substantial discounts by visiting www.wisc.edu/wisc.


While it is beneficial even for novice web designers to know the language of
HTML, learning it can be difficult. Building on a basic knowledge of HTML,
Microsoft FrontPage makes creating web pages easier by providing a graphical
interface that allows you to edit pages without relying on extensive HTML
knowledge. Less powerful than Dreamweaver, FrontPage is made for the novice
web designer. FrontPage is packaged with many Microsoft Office installations
or can be purchased separately at www.microsoft.com.

APPENDIX B: UNIX Operating System Basics

UNIX is the operating system that allows you to use the Alpha computer
system (like Windows allows you to use a PC). Unlike Windows, the UNIX
operating system provides no icons or menus to guide you. Beginning users
with some MS-DOS experience will notice similarities between the commands
of both systems. UNIX files can be edited with PICO.


You must use several of the following commands to create your Web page(s). To
learn more about the syntax or options for any UNIX command, at the Alpha
computer prompt type "man x" in which "x" is the name of the command or
program you wish to learn about. For example, to learn more about the PICO
text editor, type man pico at the Alpha computer prompt and press [Enter].

UNIX Command:             Result:
pwd                       Prints working directory (your current location)
dir                       Lists a directory of files saved in current directory
ls                        Lists a shorter directory of files in current directory
cp filename newlocation   Copies a file to a new location or new name
mv filename newlocation   Moves a file to new location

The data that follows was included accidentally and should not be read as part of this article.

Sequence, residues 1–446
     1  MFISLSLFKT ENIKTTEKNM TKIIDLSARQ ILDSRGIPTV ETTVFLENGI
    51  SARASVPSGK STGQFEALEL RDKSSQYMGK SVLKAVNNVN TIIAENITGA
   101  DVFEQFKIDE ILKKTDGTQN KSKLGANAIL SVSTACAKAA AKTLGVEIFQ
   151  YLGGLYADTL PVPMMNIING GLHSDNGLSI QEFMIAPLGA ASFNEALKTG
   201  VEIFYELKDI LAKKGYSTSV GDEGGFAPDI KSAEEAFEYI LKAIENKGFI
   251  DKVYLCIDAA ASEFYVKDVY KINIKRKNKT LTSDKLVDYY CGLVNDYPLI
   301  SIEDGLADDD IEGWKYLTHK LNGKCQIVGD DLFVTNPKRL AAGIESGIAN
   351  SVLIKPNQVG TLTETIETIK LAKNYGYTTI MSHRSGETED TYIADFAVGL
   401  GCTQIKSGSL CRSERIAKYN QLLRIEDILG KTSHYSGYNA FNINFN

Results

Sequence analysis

mkpub filename            Makes a file public and readable by any Unix user
more filename             Displays a file on your screen one page at a time
rm filename               Removes or deletes a file from your Unix directory
mkdir directory           Makes a new directory under current directory
rmdir directory           Removes or deletes a directory
cd directory              Changes your location to a new directory
cd                        Changes your location back to “root” or home
Ctrl+h                    Deletes the last character typed (may be shell-
Ctrl+x                    Deletes the current line (may be shell dependent)
Ctrl+c                    Interrupts-terminates current process or application
pico filename             Invokes Pico editor for work on a text file
pine                      Invokes Pine e-mail program
wwwsetup                  Sets up www directory and index.html homepage file

   APPENDIX C: Glossary

@                 A fixture in every email address, @ separates the username
The "at" sign     from the domain name, indicating that you are “at” a
                  particular electronic address

Alpha system      The Alpha computer complex is UWM’s academic multi-user
                  computing system. The complex consists of a group of Digital
                  Alpha machines that provide electronic mail, interactive
                  computing, batch computing, Web server, News servers, Print
                  server, etc.

Anchor            In HTML, anchors mark the start and end of hypertext links,
                  for example <title>, marks the start of a title of a web page.

Angle brackets    Angle brackets around text indicate that all the characters
<   >             within the brackets must be treated as a single unit, with no
                  spaces between parts, as in

ASCII             American Standard Code for Information Interchange is a